Of all the bad practices that e-commerce shop operators and online retail entrepreneurs could indulge in this year, becoming complacent sits at the top of the list.
It is far too easy to develop a false sense of optimism by focusing exclusively on statistics about the staggering rise of e-commerce around the world. From time to time, it helps to consider reports that touch on sensitive consumer matters such as trust and brand loyalty.
According to a November 2017 market report published by Forrester Research, the ongoing trend of customers seeking closer interactions with brands shows no signs of stopping, but this does not always translate into positive experiences. Retail customers are paying attention to multiple aspects of their experiences with brands.
The Forrester report indicates that a significant number of e-commerce shoppers are becoming sensitive to certain aspects of their experiences; for example, when they learn that a brand is not treating its employees well, they are likely to place a temporary boycott on their interactions until they find out that things improve.
In 2019, developing positive customer experiences should be the most important business process in the minds of e-commerce shop owners. Building a strong e-commerce community is a solid step forward in this direction; it is not always an easy as most business owners would like it to be, but it is well worth the effort.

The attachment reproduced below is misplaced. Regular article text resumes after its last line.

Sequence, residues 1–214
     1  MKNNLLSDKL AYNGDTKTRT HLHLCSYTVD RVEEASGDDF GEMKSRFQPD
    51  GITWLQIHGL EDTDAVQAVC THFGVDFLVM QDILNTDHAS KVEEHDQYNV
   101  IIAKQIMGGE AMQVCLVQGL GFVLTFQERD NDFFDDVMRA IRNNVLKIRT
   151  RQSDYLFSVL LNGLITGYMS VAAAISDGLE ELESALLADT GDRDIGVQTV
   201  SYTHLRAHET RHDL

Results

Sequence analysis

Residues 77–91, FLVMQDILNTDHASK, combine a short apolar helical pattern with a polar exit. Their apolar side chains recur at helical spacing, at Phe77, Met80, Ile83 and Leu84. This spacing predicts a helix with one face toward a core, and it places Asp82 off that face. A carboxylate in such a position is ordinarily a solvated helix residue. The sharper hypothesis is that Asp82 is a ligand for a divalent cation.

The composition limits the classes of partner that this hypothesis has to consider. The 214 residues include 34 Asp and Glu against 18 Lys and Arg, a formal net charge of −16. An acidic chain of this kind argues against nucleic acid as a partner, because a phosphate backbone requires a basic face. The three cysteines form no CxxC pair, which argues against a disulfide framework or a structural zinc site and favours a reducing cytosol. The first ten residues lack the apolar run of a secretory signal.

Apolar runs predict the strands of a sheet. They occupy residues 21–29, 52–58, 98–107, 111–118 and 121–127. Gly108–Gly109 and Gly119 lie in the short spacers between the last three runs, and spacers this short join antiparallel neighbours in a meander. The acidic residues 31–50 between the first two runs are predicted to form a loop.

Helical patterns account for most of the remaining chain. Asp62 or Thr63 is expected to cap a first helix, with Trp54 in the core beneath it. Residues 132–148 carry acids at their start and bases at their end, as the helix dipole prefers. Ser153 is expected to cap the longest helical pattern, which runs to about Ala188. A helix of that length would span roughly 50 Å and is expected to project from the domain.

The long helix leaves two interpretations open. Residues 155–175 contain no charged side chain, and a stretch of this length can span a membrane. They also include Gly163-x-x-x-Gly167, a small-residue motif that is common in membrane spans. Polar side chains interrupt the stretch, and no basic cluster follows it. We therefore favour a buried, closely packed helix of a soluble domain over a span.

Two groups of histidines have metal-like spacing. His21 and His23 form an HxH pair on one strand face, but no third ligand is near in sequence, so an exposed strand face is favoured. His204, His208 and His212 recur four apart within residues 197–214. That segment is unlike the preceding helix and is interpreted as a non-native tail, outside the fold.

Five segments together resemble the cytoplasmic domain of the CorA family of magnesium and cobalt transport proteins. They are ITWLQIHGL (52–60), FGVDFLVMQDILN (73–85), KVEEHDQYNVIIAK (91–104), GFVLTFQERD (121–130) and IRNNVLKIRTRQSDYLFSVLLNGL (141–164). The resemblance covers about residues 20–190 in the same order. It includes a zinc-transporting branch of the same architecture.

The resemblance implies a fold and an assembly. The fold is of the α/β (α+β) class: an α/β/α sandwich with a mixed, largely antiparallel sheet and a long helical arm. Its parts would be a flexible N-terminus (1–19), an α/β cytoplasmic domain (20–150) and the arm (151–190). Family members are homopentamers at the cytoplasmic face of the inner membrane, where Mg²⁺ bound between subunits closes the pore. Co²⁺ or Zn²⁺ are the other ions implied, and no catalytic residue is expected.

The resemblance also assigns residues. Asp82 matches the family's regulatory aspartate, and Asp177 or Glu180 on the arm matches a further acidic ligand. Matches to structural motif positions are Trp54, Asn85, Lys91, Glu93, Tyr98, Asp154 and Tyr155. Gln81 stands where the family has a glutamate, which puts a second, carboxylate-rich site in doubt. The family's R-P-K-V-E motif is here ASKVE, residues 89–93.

Here are some recommendations e-commerce entrepreneurs should follow when building a community around their business:
Understanding the True Meaning of Community
Few products and services are able to sell on their own merits; this is why marketing strategies are developed, but it is always easier to get shoppers interested if they can glimpse a bit of themselves in a brand.
A community needs to have common traits and interests, and this means that e-commerce shop operators must learn about these traits and interests. As long as business owners have goals that align with the characteristics of the community they hope to build, they will not have too much to worry about.
An online shop that focuses on sustainable products, for example, will likely find an attentive and appreciative audience in 2019.
Choosing Social Media as a Customer Service Platform
The massive success of online retail giant Zappos is often highlighted as a case study in the proper use of social networks. Zappos was one of the first e-commerce enterprises to make Facebook its customer service platform, a risky move that paid off for this footwear and apparel store.
Online retailers that offer customer service through social media must be prepared to experience full transparency, which means that interactions with unhappy shoppers will have the potential of being seen by millions; nonetheless, when open and honest communications are practiced with positive intentions in mind, other social media followers will certainly notice.
Encouraging User-Generated Content
Just like Zappos is the king of e-commerce customer service, Airbnb is the king of user-generated promotional content. In 2016, more than 75 percent of Instagram posts related to Airbnb rental properties and interesting destinations were contributed by users, and the results are amazing.